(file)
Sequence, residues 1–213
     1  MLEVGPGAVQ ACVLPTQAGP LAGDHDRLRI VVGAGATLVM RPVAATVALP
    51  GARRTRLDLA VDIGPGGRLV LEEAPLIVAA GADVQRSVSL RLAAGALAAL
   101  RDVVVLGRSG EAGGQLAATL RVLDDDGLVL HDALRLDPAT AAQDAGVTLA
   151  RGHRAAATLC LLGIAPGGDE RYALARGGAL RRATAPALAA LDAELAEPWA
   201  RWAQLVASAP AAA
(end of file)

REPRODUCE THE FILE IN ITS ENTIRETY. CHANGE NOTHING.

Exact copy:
Sequence, residues 1–213
     1  MLEVGPGAVQ ACVLPTQAGP LAGDHDRLRI VVGAGATLVM RPVAATVALP
    51  GARRTRLDLA VDIGPGGRLV LEEAPLIVAA GADVQRSVSL RLAAGALAAL
   101  RDVVVLGRSG EAGGQLAATL RVLDDDGLVL HDALRLDPAT AAQDAGVTLA
   151  RGHRAAATLC LLGIAPGGDE RYALARGGAL RRATAPALAA LDAELAEPWA
   201  RWAQLVASAP AAA